Archive for category Backups
It has been a while since I wrote on my blog. Thought this would be a good addition to the knowledgebase. I came accross this online backup tool that I believe is worth writing about. Incremental backups are taken care of and base backups are compressed and sent across to S3. No more writting shell scripts when it comes to shipping them to S3 anymore which I thought was pretty neat. I did struggle a bit to get it installed on a CentOS box and did not find much online help for it. Hopefully this will help someone get this module up and going in no time.
python (>= 2.6)
And ofcourse we are talking about postgres database here so any postgres version >=8.4 should work with it
First we have to get python26 or greater which for some reason I could not get it from the CentOS repo even after a yum update.
1. Download python version from the below link
wget http://python.org/ftp/python/2.7.6/Python-2.7.6.tar.xz Extract the file and compile it with ./configure make sudo make install NOTE: if you are having trouble xtracting the tar.xz file install xz wget http://tukaani.org/xz/xz-5.0.5.tar.gz ./configure make sudo make install
2. We will need Setuptools as well to have our module compiled
wget https://bitbucket.org/pypa/setuptools/raw/bootstrap/ez_setup.py Then install it for Python 2.7 that you installed above. sudo /usr/local/bin/python2.7 ez_setup.py
NOTE: Here I was set back again because the ez_setup.py script was trying to download setuptools with a certificate check. All I did was added –no-check-certificate in the script where it was doing a wget like:
def download_file_wget(url, target): cmd = ['wget', url, '--no-check-certificate', '--quiet', '--output-document', target] _clean_check(cmd, target)
3. Install pip using the newly installed setuptools:
sudo easy_install-2.7 pip
4. Install virtualenv for Python 2.7
pip2.7 install virtualenv sudo pip install wal-e
Now that we have wal-e installed we are going to make a couple of configuration changes that will enable wal-e to work with S3.
1. Create an environment directory to use wal-e
mkdir -p /etc/wal-e.d/env chown -R postgres:postgres /etc/wal-e.d echo "secret_key_goes_here"> /etc/wal-e.d/env/AWS_SECRET_ACCESS_KEY echo "access_id_for_s3_goes_here"> /etc/wal-e.d/env/AWS_ACCESS_KEY_ID echo 's3://specify_bucket_name/directory_if_you_have_created_on_in_the_bucket'> /etc/wal-e.d/env/WALE_S3_PREFIX
2. Since this is going to be an incremental backup setup we would have to turn archiving on.
wal_level = archive archive_mode = yes archive_command = 'envdir /etc/wal-e.d/env /usr/local/bin/wal-e wal-push %p' archive_timeout = 60
NOTE: you would have to restart your postgres database so that these changes can be read by postgres
Thats it! Now you can start making a base backup and forget about the incremental as wal-e automatically ships those wal files to S3 :). Reason is the archive command we have setup in the postgresql.conf file.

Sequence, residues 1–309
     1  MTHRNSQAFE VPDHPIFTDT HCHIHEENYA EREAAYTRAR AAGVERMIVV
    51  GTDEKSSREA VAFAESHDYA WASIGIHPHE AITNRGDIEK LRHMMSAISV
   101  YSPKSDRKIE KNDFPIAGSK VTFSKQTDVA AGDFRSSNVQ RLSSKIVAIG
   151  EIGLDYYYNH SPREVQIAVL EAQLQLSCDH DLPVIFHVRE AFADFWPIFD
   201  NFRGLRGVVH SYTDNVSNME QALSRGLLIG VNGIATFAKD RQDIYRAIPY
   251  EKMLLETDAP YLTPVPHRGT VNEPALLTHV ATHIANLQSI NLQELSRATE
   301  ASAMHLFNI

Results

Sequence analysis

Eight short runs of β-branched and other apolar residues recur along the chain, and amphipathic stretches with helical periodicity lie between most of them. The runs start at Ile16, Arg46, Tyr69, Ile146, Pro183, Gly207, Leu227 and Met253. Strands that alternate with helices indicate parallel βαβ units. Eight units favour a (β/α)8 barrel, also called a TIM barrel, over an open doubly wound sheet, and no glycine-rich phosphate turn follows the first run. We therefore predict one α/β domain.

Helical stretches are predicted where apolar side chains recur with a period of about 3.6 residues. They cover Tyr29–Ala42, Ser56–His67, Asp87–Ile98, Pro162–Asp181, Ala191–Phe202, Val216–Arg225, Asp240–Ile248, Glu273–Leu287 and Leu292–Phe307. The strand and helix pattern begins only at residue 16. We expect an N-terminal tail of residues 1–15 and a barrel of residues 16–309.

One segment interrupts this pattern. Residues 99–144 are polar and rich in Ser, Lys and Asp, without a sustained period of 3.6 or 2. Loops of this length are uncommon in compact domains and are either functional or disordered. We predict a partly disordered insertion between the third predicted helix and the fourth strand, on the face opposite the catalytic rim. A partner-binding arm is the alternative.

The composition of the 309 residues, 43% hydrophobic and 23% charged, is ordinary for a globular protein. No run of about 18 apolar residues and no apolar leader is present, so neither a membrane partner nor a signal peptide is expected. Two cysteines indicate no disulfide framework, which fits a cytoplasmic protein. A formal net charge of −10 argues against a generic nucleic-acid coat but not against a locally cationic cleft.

1. To take a base backup:
su postgres envdir /etc/wal-e.d/env /usr/local/bin/wal-e backup-push /path to your datadir You can always list the backups that you have on S3 by: envdir /etc/wal-e.d/env /usr/bin/wal-e backup-list name last_modified expanded_size_bytes wal_segment_backup_start wal_segment_offset_backup_start wal_segment_backup_stop wal_segment_offset_backup_stop base_00000001000000AD000000C7_00000040 2014-03-06T17:51:26.000Z 00000001000000AD000000C7 00000040
2. Deleting or retaining number of backups is easy as well.
If you want to delete a specific backup wal-e delete [--confirm] base_00000004000002DF000000A6_03626144 Or you can just delete backups older than a base backup by using the before clause: wal-e delete [--confirm] before base_00000004000002DF000000A6_03626144 Retaining number of backups as: wal-e delete [--confirm] retain 5
3. Restoring using backup-fetch
To restore the complete database on a seperate box: envdir /etc/wal-e.d/env wal-e backup-fetch Wal fetch can also be accomplished with wal-e: envdir /etc/wal-e.d/env wal-e wal-fetch
There are a couple of more things that can be done with wal-e like using encryption on backups, managing tablespace backups(this is imp if you have user defined tablespaces in your database) controlling I/O of base backup, increasing throughput of wal-push etc. You might want to check into those options before putting this in production as base back I/O’s can take a decent amount of CPU overhead if not configured properly. Here is the link that will help with further information on this module.
Feel free to ask questions and hope this helped.
pg_rman is a tool to take incremental backups on Postgres. Although I do not see any recent development on this tool since june 2011. I somehow wanted to try installing it and try to use it in a test environment to justify its usage. I was facing some issues when I tried to install it and somehow could not find an answer to the errors I saw during installation.
pg_ram can be downloaded from here.
Once downloaded just untar using:
tar -xvzf pg_rman-1.2.4.tar.gz cd pg_rman-1.2.4 sudo make USE_PGXS=1
Got the following error message and started looking at google for help. All I could find is set your PATH for postgres binaries. Which I saw was correct. The issue seemed to me that the pg_rman Makefile would not find pg_config.
Also you should ensure that you have the postgresql-devel package installed as that’s the one that gets the pg_config in there.
make: pg_config: Command not found cc -c -o backup.o backup.c In file included from backup.c:10:0: pg_rman.h:12:25: fatal error: postgres_fe.h: No such file or directory compilation terminated. make: *** [backup.o] Error 1
I then modified the Makefile with the full path to the pg_config and it just worked. Below is the change:
PG_CONFIG = /opt/PostgreSQL/8.4.9/bin/pg_config (path to your pg_config could be different. Append it accordingly)